Are those Texas summers feeling increasingly warmer? Don't worry, it's not just you.
According to a report released today by the Climate Central research group, Texas is ranked as the 9th Fastest Warming State, with average state temperatures increasing at a rate of .575 degrees Fahrenheit per decade. The survey was based on temperatures in the continental United States between 1912 and 2011.
Though the increase might not seem huge, the Southwest, including Texas, New Mexico and Arizona, is the fastest warming region in the country.
"That'll translate into increased wildfire risk, make droughts more severe because of the increased heat, and have lots of other adverse effects on the region," said Richard Wiles from Climate Central.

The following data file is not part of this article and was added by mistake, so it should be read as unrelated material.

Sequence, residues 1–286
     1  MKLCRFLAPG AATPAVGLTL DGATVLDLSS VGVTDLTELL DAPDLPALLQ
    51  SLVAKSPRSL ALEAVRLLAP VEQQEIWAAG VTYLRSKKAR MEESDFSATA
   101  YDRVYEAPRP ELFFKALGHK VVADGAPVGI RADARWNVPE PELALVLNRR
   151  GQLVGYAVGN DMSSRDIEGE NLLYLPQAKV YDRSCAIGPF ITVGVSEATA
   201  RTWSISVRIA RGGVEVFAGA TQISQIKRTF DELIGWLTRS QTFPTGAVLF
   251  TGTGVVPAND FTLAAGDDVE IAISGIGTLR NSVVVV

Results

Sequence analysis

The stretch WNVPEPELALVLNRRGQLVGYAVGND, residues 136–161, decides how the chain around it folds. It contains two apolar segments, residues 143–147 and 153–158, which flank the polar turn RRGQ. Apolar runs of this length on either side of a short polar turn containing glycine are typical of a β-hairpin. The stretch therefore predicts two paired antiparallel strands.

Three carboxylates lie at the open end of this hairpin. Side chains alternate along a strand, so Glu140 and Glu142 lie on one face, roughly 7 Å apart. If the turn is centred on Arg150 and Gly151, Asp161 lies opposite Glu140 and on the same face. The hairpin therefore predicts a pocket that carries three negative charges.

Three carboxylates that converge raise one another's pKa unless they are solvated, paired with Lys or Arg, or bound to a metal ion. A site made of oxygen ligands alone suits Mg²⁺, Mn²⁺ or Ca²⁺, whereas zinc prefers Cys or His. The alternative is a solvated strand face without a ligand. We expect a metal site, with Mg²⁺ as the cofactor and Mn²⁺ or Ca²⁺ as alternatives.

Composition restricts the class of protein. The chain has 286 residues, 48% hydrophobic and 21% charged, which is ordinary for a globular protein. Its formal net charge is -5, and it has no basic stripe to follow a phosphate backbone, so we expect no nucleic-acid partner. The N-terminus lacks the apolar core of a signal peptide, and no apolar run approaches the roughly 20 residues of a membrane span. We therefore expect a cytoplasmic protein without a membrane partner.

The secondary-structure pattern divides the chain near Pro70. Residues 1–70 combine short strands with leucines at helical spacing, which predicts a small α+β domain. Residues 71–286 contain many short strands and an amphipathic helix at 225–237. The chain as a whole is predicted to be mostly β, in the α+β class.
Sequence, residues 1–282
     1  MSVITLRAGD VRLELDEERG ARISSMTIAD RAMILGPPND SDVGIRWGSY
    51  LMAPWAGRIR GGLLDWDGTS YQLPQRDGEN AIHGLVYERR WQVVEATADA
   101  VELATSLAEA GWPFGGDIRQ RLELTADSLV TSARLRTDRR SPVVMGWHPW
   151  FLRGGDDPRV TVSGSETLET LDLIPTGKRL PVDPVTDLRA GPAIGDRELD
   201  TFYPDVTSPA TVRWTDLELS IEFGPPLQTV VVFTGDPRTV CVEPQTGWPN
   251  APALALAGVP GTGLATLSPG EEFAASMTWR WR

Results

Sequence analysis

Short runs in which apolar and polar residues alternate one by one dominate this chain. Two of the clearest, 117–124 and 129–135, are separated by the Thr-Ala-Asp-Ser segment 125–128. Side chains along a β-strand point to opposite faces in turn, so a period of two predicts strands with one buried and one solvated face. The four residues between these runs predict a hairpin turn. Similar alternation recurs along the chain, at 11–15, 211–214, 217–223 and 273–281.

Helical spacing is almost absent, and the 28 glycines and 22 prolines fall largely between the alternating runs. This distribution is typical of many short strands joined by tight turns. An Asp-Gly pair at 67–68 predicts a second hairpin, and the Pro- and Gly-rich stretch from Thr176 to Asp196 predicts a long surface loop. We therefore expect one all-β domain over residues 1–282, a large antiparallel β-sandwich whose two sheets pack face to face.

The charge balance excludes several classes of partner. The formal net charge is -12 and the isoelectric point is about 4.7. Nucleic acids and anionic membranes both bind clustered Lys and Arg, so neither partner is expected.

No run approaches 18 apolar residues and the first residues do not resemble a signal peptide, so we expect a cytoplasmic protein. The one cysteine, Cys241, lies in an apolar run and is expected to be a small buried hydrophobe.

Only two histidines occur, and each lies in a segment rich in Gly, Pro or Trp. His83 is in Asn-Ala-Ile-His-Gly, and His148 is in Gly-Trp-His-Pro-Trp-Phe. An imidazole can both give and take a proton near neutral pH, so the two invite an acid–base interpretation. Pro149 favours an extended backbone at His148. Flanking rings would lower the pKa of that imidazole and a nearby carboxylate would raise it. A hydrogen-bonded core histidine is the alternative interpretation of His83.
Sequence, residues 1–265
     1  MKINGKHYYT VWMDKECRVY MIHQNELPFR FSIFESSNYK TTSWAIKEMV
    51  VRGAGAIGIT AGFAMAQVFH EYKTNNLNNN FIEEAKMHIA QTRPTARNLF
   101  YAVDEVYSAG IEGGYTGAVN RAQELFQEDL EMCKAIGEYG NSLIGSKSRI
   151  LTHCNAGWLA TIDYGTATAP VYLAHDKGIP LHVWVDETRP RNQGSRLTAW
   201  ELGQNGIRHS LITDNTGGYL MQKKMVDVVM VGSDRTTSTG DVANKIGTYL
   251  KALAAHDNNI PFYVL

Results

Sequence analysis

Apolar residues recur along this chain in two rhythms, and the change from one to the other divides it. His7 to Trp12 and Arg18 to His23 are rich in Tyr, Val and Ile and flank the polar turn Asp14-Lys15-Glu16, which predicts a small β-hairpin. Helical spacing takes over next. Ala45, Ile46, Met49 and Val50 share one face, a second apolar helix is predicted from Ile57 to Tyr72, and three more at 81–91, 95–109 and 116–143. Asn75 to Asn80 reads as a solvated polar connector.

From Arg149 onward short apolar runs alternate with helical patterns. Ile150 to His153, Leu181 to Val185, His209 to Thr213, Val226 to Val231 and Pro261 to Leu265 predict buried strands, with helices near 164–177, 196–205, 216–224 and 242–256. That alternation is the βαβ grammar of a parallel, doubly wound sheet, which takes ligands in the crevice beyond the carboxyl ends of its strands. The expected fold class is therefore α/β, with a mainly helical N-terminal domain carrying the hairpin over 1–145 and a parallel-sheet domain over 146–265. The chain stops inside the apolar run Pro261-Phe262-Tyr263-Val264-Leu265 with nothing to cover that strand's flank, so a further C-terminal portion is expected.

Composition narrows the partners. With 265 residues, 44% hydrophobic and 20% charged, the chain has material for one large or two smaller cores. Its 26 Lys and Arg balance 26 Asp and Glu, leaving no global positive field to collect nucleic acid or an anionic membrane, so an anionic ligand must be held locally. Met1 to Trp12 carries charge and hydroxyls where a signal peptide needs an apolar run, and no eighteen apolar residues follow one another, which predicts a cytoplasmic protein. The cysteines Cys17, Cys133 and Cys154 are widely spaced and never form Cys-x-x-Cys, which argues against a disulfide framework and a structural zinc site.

Other recent studies confirm a connection between shifts in wildfire patterns and climate change.
However, Claudia Tebaldi, also from the Climate Central, is more hesitant to make any warnings based on statistics.
"The report shows how things behaved in the past," said Tebaldi. "That doesn't mean in a specific year, we are going to see a specifically warmer summer or cooler summer."
The idea behind today's climate change report, according to Tebaldi, was to bring the idea of global warming closer to home, showing how climate change occurs locally to map temperature trends.
"Things can be very variable at the local level," said Tebaldi, referring to the range in temperature changes in the United States. "But that doesn't mean that global warming isn't real."
But if the numbers are any indicator, said Weil, "people need to prepare for a warmer, drier climate."